Bamboo bikes for the masses

Craig Calfee hopes to prove that one person with one idea can make a difference in some of the poorest corners of the planet. The maker of some of the most exclusive and sought after carbon-fiber bikes on the market, Calfee plans to use his knowledge to teach Africans how to build themselves bamboo cargo bikes.

Why bamboo?

How can carbon fiber technology trickle down to African villagers?

By Matt Pacocha

Calfee with one of his concept bikes at the 2008 North American Handmade Bike Show.

Calfee with one of his concept bikes at the 2008 North American Handmade Bike Show.

Photo: Matt Pacocha

Craig Calfee hopes to prove that one person with one idea can make a difference in some of the poorest corners of the planet. The maker of some of the most exclusive and sought after carbon-fiber bikes on the market, Calfee plans to use his knowledge to teach Africans how to build themselves bamboo cargo bikes.

Why bamboo?

Calfee made his first bamboo frame about ten years ago and his product line has included a bamboo model — a high-end design sold in boutique shops — for the past three years. Besides its classy aesthetics, Bamboo’s vibration damping and stiffness make it perfect for frame construction, says Calfee.

But one reason he likes the material so much is its low carbon footprint. A carbon fiber or metal frame might be lighter on the road, but, from a green perspective, nothing treads more lightly on the planet than a bamboo bicycle, he says.

The concept bike — not exactly as planned for Africa.

Photo: Matt Pacocha

His bamboo frames are built using a method similar to his carbon fiber bikes. The smoked bamboo tubes are selected based on a rider’s size and desired feel, then mitered and the junctures are wrapped with an epoxy-soaked carbon. Some customers choose a hemp wrap for an even more natural look.

While his bamboo frames are treasured by the well-heeled for their ride quality and green chic, somewhere along the way Calfee realized the material could make a lot of sense — socially, environmentally and economically — at the extreme other end of the bicycle price spectrum.

How’s that?

Well, for one thing, Calfee says bamboo frames can be built cheaper even than Chinese metal frames. Most of the materials, except the resin, can be sourced even in small African villages. Their assembly requires no electricity or expensive tools. The frames are easily repaired, even in small villages, without welding. And frame production could give local craftsmen an entrepreneurial opportunity while cultivating a sense of pride. And of course making bicycle transportation available cheaply increases economic opportunities with minimal environmental effects.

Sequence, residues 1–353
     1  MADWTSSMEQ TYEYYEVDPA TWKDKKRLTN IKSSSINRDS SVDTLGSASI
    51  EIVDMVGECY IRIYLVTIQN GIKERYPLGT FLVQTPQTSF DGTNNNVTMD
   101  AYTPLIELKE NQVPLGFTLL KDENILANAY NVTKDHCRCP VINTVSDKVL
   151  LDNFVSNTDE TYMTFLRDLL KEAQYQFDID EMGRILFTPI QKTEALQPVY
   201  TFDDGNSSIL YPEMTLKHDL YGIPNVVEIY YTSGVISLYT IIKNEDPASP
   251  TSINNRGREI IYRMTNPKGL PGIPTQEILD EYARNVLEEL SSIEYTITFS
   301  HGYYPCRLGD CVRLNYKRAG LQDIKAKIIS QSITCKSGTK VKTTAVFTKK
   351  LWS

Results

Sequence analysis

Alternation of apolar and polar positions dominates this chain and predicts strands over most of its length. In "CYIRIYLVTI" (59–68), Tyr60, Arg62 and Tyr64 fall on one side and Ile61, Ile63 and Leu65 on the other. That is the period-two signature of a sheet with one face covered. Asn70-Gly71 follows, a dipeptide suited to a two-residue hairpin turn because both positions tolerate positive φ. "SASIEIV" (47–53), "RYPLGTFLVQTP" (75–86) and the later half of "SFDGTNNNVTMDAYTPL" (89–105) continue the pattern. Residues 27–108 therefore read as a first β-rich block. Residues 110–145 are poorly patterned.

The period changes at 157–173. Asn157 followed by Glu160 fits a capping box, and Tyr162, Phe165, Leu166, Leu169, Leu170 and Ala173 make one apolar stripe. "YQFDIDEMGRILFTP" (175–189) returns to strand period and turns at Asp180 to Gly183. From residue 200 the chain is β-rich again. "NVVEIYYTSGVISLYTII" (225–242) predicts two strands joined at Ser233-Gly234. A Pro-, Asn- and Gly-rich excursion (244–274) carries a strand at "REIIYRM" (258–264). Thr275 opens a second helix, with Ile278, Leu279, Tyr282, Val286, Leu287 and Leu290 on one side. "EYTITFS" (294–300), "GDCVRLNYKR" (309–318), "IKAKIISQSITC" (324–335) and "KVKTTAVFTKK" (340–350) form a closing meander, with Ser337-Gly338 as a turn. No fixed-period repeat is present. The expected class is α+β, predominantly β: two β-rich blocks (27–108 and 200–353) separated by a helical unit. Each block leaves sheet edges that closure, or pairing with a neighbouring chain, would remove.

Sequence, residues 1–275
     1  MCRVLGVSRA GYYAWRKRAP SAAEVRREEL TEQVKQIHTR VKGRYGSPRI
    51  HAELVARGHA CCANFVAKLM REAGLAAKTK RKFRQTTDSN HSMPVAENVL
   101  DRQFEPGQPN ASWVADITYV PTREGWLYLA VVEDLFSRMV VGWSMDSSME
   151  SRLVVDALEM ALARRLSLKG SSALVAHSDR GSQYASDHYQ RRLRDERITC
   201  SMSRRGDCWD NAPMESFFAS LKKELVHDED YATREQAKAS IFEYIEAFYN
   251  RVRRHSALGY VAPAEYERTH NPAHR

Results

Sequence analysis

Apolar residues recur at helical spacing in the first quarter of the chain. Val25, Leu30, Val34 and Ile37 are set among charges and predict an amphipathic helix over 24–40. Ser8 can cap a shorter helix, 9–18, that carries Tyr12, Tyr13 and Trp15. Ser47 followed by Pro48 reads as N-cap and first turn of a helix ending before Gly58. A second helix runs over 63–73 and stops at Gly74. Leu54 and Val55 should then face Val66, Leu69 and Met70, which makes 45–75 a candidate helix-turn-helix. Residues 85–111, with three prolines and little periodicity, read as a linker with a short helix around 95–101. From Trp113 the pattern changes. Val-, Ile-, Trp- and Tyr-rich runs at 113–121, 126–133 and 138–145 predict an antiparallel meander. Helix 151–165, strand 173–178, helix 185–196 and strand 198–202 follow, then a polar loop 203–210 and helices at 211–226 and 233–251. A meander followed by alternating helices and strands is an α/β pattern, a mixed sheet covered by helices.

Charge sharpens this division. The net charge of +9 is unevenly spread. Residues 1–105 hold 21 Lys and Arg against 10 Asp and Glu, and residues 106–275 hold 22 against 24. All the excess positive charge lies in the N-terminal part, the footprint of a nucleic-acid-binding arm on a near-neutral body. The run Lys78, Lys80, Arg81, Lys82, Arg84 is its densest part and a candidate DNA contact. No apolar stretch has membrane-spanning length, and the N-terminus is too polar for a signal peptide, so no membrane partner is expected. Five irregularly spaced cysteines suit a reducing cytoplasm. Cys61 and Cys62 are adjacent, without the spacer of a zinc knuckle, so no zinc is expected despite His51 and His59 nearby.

Calfee did a study last year to see if villagers would accept bamboo bikes and be interested in building their own.

“We found out that in fact, yes, they’re really enthusiastic about something that gives them self sufficiency, uses a local resource and results in a product that they really need; in this case a cargo bike,” Calfee said.

Calfee’s concept goes a step further than bike donation programs like Kona’s BikeTown or Tom Ritchey’s Project Rwanda, that give second-hand or new bikes to key community members, like aid workers and entrepreneurs, so that they can reach and help more people.

“[By] bringing an industry there that can use local materials and local skills — they’re very skilled with their hands — there’s no reason why they can’t make a lot of stuff that we would consume or they could consume locally. This is made in Africa for Africans.”

If it grows, it’s green.

No matter where a bamboo bike is built, Calfee’s favorite attribute is how good they are for the environment.

In Africa bamboo is common, but carbon fiber, or hemp, that’s used to join the bamboo tubes, isn’t. So after a bit of research Calfee found a locally grown substitute, the sisal fiber.

“They use it for insulation in their buildings,” he said. “It comes from Northern Africa. We’ve tested the fiber compared to a hemp fiber, bamboo fiber and jute fiber. The sisal is surprisingly strong but it’s a coarse fiber so it’s not as easy to work with, but it’s functional so it does the job and it’s really cheap over there.”

Dropouts, head tubes, bottom bracket shells and epoxy resin will have to be imported. Calfee’s project depends on its ability to get these items to the local builders.

“We want to make sure that supply chain is maintained by a profit-making individual who is motivated to keep it going,” he said. He says charity-based programs often die slow deaths as volunteers burn out.

“They really don’t like being in the position of asking for a hand out; there’s a lot of pride associated with that. When I showed them the sample bike I brought over they were like, ‘we have bamboo here. And this wrapping, we have fiber like this. We can make this bike here.’”

For more information go to Calfee’s Bamboo Overview Web site.

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